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Multi layer PCB board question

Discussion in 'Electronic Basics' started by R.Spinks, Oct 1, 2005.

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  1. R.Spinks

    R.Spinks Guest

    What are the typical methods for determining how many layers a PCB board is.
    Like after you take something apart and see the PCB ... how can you tell if
    it's multi layer and how many layers it is. I tried looking at the side
    profile of the board ... it's FR4 but that's all I can tell by just looking
    at it.
     
  2. John Larkin

    John Larkin Guest

    Hold it up to the light. If all that's indicated is the surface
    traces, it's a 1 or 2-layer. You can usually discern internal planes,
    and most multilayers pretty much block all the light, because they
    have solid internal copper planes.

    The only good way to count layers is to section the board, preferably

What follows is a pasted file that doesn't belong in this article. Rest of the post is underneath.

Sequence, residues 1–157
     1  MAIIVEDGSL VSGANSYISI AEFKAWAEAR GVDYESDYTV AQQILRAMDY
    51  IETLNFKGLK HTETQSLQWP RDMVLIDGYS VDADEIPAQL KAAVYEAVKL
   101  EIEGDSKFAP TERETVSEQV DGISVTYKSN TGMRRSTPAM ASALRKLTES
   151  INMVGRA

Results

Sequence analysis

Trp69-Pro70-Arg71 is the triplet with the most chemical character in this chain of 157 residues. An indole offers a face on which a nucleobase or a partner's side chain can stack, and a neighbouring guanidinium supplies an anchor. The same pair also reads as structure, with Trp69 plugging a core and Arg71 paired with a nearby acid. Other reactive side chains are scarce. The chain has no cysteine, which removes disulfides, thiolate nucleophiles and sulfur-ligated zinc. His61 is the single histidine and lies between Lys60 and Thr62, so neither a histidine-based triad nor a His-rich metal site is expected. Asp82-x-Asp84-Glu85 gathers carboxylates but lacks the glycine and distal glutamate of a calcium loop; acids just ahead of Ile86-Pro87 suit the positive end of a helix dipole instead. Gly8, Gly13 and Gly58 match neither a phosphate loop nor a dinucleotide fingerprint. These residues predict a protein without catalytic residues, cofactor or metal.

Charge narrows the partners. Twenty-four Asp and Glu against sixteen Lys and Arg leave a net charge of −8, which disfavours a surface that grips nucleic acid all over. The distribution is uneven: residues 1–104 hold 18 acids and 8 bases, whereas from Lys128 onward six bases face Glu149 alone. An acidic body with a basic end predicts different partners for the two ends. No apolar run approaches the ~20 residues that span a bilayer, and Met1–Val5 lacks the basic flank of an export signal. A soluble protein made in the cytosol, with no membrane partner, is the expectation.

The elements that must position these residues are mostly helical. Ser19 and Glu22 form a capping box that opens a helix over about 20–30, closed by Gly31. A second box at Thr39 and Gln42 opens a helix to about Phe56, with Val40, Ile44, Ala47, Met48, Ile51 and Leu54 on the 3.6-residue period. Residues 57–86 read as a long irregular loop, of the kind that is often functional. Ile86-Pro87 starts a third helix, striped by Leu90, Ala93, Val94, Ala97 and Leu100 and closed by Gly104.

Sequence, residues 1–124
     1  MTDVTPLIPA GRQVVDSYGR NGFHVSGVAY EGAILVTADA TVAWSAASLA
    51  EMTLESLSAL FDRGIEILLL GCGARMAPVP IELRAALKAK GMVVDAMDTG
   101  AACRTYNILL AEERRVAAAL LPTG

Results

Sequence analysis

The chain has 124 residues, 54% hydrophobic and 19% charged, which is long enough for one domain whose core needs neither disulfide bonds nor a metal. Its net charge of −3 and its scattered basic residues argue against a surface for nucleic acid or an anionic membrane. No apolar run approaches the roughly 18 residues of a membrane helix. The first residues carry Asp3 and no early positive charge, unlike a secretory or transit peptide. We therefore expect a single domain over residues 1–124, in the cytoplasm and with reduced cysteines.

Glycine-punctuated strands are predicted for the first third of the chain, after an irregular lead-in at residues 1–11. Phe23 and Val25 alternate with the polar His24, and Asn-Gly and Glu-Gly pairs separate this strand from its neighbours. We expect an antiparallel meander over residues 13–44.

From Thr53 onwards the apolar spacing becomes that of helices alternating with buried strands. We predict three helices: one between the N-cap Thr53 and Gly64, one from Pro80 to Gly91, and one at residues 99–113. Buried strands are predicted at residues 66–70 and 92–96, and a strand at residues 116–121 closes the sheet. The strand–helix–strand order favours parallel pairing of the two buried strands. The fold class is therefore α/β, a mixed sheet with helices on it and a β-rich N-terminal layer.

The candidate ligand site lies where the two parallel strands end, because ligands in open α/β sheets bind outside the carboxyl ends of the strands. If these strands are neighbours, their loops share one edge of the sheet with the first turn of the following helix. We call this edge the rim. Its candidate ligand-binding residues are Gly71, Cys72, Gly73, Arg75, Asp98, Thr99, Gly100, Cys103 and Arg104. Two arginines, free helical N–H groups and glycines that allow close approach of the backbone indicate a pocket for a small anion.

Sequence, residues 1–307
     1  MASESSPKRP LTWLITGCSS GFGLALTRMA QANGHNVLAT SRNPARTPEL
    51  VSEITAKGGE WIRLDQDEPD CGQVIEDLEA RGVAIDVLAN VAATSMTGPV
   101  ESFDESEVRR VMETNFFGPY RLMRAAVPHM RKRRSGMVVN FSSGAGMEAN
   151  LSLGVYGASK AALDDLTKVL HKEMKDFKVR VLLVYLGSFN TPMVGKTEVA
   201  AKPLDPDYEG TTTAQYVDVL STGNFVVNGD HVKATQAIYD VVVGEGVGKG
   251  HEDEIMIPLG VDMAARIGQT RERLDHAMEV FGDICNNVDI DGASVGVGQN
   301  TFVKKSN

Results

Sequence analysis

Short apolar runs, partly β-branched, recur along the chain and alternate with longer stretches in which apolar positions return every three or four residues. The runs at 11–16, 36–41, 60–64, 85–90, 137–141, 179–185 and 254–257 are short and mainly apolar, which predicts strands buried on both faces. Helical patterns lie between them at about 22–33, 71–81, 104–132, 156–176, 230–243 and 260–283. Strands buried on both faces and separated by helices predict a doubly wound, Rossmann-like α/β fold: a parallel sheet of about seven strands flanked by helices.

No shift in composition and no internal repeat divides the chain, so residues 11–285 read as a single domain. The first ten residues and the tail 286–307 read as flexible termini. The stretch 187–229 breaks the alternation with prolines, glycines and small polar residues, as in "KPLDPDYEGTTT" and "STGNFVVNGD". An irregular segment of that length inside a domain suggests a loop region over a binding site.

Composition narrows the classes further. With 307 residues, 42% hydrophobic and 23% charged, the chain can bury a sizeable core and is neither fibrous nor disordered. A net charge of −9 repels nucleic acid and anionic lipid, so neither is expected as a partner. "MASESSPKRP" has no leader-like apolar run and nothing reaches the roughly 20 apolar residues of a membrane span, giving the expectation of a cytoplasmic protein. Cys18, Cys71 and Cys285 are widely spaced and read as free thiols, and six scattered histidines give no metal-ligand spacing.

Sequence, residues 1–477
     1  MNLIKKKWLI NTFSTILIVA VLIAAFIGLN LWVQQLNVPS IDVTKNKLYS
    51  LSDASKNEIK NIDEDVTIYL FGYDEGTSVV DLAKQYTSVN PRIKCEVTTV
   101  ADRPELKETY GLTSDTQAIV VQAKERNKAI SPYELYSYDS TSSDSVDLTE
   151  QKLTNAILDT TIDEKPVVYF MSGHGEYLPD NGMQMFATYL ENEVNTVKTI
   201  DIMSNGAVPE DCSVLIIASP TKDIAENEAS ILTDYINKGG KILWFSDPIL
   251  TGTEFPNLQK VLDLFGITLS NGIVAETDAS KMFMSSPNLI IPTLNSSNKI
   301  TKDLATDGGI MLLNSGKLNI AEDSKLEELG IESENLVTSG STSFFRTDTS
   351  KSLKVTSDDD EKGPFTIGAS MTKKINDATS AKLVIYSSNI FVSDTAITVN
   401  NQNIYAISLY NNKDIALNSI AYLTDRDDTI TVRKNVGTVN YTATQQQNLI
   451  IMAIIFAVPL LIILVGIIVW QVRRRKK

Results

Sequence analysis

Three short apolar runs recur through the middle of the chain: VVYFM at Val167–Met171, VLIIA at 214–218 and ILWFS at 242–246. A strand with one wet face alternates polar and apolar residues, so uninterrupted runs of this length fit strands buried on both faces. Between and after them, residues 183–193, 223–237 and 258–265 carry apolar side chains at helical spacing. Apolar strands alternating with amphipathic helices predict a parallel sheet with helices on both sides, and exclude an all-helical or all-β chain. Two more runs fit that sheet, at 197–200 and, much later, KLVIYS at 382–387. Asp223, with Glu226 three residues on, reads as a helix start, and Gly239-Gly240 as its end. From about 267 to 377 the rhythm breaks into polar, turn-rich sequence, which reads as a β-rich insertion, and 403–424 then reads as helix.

through some vias.

    John
     
  3. In the old days yes but not today's PCBs they make them dark with 4 or more
    layers and may be the way to find out how many
    layers is to read the schematic or diagram.
     
  4. PeteS

    PeteS Guest

    The reason the board is 'dark' with internal layers is you can't see
    through the internal copper. It's common for at least one of the
    internal layers to be a ground plane and at least one other a power
    plane, so virtually all the layer is copper, rendering it impossible to
    view through.

    As John noted, the only real way to know is to section the board at a
    via (or look at the original design fabrication notes which generally
    has a stackup diagram).

    Cheers

    PeteS
     
  5. w2aew

    w2aew Guest

    Many times, the PCB designers will put a "layer key" on the edge of the
    board somewhere. The "key" is simply a layer number, made in copper,
    arranged so that when you look "thru" the board (illuminated from the
    rear), the numbers will appear adjacent to each other. FR-4 is
    moderately translucent, so this generally works for up to many layers
    (depending upon the thickness and materials used). Maybe you'll be
    lucky and the board will have such a "key" designed in.
     
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